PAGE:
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Acta Neuropathol. 2016 Jul;132(1):59-75. doi: 10.1007/s00401-016-1572-y. Epub 2016 Apr 8.

α-Synuclein-induced myelination deficit defines a novel interventional target for multiple system atrophy.

Author information

1
Department of Molecular Neurology, University Hospital Erlangen, Friedrich-Alexander-Universität Erlangen-Nürnberg, Schwabachanlage 6, 91054, Erlangen, Germany.
2
Laboratory of Genetics, The Salk Institute for Biological Studies, La Jolla, CA, USA.
3
Research Center for Regenerative and Restorative Medicine, Istanbul Medipol University, Istanbul, Turkey.
4
Department of Neurosciences, University of California San Diego, La Jolla, CA, USA.
5
Institute of Radiology, University Hospital Erlangen, Friedrich-Alexander-Universität Erlangen-Nürnberg, Erlangen, Germany.
6
Department of Cellular and Molecular Medicine, University of California San Diego, La Jolla, CA, USA.
7
Institute of Biochemistry, Friedrich-Alexander-Universität Erlangen-Nürnberg, Erlangen, Germany.
8
Institute of Human Genetics, University Hospital Erlangen, Friedrich-Alexander-Universität Erlangen-Nürnberg, Erlangen, Germany.
9
Department of Neuropathology, Regensburg University Hospital, Regensburg, Germany.
10
Department of Molecular Neurology, University Hospital Erlangen, Friedrich-Alexander-Universität Erlangen-Nürnberg, Schwabachanlage 6, 91054, Erlangen, Germany. juergen.winkler@uk-erlangen.de.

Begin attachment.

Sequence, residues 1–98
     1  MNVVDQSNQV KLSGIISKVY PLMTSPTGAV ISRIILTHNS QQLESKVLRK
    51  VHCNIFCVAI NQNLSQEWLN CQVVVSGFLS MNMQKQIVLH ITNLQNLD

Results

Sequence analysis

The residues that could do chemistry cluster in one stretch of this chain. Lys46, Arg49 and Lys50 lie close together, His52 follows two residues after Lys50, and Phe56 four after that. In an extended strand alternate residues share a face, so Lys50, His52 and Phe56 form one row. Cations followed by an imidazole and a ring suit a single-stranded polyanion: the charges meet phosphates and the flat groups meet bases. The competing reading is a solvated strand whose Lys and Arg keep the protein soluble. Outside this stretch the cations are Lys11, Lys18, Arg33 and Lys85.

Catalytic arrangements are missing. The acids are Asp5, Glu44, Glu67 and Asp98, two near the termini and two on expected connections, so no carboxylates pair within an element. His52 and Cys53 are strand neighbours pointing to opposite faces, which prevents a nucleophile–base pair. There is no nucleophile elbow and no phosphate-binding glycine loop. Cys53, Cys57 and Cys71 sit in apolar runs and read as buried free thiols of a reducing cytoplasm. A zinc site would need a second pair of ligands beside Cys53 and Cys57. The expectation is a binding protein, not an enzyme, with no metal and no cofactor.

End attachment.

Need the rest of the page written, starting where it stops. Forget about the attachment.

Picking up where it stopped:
Abstract

Multiple system atrophy (MSA) is a rare atypical parkinsonian disorder characterized by a rapidly progressing clinical course and at present without any efficient therapy. Neuropathologically, myelin loss and neurodegeneration are associated with α-synuclein accumulation in oligodendrocytes, but underlying pathomechanisms are poorly understood. Here, we analyzed the impact of oligodendrocytic α-synuclein on the formation of myelin sheaths to define a potential interventional target for MSA. Post-mortem analyses of MSA patients and controls were performed to quantify myelin and oligodendrocyte numbers. As pre-clinical models, we used transgenic MSA mice, a myelinating stem cell-derived oligodendrocyte-neuron co-culture, and primary oligodendrocytes to determine functional consequences of oligodendrocytic α-synuclein overexpression on myelination. We detected myelin loss accompanied by preserved or even increased numbers of oligodendrocytes in post-mortem MSA brains or transgenic mouse forebrains, respectively, indicating an oligodendrocytic dysfunction in myelin formation. Corroborating this observation, overexpression of α-synuclein in primary and stem cell-derived oligodendrocytes severely impaired myelin formation, defining a novel α-synuclein-linked pathomechanism in MSA. We used the pro-myelinating activity of the muscarinic acetylcholine receptor antagonist benztropine to analyze the reversibility of the myelination deficit. Transcriptome profiling of primary pre-myelinating oligodendrocytes demonstrated that benztropine readjusts myelination-related processes such as cholesterol and membrane biogenesis, being compromised by oligodendrocytic α-synuclein. Additionally, benztropine restored the α-synuclein-induced myelination deficit of stem cell-derived oligodendrocytes. Strikingly, benztropine also ameliorated the myelin deficit in transgenic MSA mice, resulting in a prevention of neuronal cell loss. In conclusion, this study defines the α-synuclein-induced myelination deficit as a novel and crucial pathomechanism in MSA. Importantly, the reversible nature of this oligodendrocytic dysfunction opens a novel avenue for an intervention in MSA.

KEYWORDS:

Multiple system atrophy; Myelin; Oligodendrocyte progenitor cells; Oligodendrocytes; α-Synuclein

PMID:
27059609
PMCID:
PMC4912450
DOI:
10.1007/s00401-016-1572-y
[Indexed for MEDLINE]
Free PMC Article

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